Another concern about the use of hydroquinone is its systemic absorption into the bloodstream. Apparently, 35-45% gets absorbed into your system following topical application. A research that involved 99 pregnant women in Senegal Africa was carried out to assess if hydroquinone caused any harm during pregnancy.

No changes were noticed between babies of the women who used hydroquinone and those who did not. Since only a small number of women was used, the investigations were not considered sufficient enough to rule either in support of or against it use. Hence, there was need for more investigations. Until further studies rule out any risks, you would be safer if you avoided hydroquinone during pregnancy.

Hydrogen Peroxide (HP)

Hydrogen peroxide is a weak acid that is slightly viscous than water. It’s used as a ripening agent in food industry as well as bleach for hair. It’s also used in most at-home skin bleaching regimens.

When used for skin bleaching, organic materials are added to stabilize it. This is because it’s a strong oxidant which is relatively unstable. A typical home made lightener consists of; 2 spoons of floor, 2 spoons of peroxide, 1 spoon of milk and some water, mixed together to make a mask.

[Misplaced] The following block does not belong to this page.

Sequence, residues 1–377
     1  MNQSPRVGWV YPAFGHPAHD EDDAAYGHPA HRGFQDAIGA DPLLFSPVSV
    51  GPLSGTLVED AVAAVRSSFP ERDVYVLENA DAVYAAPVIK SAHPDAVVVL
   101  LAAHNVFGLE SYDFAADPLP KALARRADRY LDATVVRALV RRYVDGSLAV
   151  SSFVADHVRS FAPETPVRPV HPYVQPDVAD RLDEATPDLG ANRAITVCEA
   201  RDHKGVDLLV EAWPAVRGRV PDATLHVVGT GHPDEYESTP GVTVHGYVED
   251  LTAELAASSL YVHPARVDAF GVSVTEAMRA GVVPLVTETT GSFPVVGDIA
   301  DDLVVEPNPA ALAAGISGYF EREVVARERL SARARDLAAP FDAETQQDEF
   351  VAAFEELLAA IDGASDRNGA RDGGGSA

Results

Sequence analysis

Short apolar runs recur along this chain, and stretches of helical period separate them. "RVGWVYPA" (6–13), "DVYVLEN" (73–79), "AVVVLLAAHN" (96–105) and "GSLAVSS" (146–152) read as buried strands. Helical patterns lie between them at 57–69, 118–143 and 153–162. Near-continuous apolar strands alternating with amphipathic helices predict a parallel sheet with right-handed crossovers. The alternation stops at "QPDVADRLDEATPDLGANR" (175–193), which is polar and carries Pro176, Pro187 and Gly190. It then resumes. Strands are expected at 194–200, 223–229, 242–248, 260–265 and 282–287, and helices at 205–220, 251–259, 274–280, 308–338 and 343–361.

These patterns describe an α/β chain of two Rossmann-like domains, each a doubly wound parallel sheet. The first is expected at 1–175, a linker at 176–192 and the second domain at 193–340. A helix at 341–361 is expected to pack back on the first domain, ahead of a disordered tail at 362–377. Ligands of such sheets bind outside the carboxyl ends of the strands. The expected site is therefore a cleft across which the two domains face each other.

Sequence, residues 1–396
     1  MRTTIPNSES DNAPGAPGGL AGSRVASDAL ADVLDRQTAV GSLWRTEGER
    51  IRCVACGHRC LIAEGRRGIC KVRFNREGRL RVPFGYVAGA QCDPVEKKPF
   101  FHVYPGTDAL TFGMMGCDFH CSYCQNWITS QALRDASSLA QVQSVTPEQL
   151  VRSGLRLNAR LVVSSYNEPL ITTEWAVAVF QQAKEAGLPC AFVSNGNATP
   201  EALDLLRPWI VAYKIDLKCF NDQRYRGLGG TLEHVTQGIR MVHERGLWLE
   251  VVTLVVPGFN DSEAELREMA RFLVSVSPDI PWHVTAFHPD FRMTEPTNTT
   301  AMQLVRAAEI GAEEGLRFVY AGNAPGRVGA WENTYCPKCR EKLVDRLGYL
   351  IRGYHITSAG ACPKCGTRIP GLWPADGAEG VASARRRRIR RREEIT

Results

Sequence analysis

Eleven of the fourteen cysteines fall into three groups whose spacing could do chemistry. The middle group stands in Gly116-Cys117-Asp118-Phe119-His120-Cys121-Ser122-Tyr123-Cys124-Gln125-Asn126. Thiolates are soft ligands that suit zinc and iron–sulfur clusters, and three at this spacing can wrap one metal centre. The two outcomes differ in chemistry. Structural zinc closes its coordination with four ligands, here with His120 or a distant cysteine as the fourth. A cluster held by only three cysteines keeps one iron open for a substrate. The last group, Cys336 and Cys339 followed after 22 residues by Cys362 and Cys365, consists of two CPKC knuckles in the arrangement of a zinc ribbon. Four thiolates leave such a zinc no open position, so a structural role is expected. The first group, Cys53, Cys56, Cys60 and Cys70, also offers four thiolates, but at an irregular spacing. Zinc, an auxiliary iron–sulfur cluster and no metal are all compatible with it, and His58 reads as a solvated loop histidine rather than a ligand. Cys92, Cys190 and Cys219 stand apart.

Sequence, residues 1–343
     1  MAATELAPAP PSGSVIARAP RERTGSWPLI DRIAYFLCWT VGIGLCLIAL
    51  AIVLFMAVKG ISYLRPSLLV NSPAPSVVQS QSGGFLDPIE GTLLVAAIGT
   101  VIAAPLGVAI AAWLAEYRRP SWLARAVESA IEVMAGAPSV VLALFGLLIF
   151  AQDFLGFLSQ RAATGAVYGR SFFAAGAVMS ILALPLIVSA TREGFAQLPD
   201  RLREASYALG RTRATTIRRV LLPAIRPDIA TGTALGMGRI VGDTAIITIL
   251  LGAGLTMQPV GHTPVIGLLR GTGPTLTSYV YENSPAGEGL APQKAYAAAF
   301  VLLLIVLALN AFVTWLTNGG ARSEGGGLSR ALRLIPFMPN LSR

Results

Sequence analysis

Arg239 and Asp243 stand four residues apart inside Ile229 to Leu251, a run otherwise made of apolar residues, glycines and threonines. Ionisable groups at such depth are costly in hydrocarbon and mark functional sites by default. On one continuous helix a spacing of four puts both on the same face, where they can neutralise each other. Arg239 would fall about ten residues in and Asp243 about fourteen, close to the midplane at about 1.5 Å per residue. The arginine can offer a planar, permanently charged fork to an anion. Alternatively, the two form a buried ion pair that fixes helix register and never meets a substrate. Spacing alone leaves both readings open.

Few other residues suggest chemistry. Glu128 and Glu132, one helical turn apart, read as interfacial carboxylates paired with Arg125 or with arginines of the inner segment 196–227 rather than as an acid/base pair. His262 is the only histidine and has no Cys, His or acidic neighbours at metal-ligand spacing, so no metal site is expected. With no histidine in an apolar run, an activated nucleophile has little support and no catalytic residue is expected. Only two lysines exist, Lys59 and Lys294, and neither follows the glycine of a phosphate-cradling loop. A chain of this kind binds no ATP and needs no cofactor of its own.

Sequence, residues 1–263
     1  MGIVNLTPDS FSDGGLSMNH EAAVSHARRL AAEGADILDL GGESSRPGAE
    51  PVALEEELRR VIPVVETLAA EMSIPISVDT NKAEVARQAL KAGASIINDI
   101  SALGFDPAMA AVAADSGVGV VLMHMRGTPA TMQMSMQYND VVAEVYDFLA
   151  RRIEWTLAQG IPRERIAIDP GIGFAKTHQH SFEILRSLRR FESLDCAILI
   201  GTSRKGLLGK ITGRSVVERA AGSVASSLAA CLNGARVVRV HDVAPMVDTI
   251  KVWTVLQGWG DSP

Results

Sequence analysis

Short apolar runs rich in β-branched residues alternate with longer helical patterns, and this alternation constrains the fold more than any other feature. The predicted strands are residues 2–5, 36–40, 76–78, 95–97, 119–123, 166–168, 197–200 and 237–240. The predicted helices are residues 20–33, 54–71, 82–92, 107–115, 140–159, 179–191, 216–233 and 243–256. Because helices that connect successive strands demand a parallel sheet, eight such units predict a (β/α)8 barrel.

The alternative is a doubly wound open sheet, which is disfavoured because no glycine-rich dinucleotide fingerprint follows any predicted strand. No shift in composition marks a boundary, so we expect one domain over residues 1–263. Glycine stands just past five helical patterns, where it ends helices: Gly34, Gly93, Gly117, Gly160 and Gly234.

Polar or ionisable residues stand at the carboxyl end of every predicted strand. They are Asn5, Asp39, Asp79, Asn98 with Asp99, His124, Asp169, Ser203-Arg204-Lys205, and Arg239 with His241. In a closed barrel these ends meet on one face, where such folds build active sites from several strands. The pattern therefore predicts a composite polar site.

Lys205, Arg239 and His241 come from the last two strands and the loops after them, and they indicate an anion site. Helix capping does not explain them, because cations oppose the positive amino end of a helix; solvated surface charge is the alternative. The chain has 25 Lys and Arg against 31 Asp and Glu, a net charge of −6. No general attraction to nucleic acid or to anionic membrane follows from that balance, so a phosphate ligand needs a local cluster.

Hydrogen peroxide is relatively safe compared to other skin lightening ingredients. Human testing is inadequate but tests on animals have shown that topical application of 3-8% HP over a 24hr period is non -irritating even on abraded skin. Higher concentrations can however lead to peeling of the skin when applied over a long period.          


Topical hydrogen peroxide is classified under pregnancy category C by the FDA. Drugs under this category are supposed to be used with caution and only if their benefits outweigh the risks.

That said; no exposure is expected on the fetus following topical administration by the mother. Reason being it’s not absorbed systemically when applied on the skin.


Glutathione is another skin lightening ingredient that is catching on in the cosmetic industry. Its body’s most powerful antioxidant and is found in the liver as well as in fruits and vegetables. Apart from skin depigmentation, it’s used in treating glaucoma, asthma and heart diseases.

Glutathione can used both as a topical cream and as an oral pill to inhibit and reduce skin melanin production. It can also be injected to give the same results.